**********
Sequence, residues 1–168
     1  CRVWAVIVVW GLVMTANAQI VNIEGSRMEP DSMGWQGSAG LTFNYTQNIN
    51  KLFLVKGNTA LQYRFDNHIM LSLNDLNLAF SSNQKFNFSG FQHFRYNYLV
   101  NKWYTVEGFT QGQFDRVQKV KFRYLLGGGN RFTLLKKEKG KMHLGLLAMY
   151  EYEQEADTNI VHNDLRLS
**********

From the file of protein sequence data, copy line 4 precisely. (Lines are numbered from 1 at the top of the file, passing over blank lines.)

   101  NKWYTVEGFT QGQFDRVQKV KFRYLLGGGN RFTLLKKEKG KMHLGLLAMY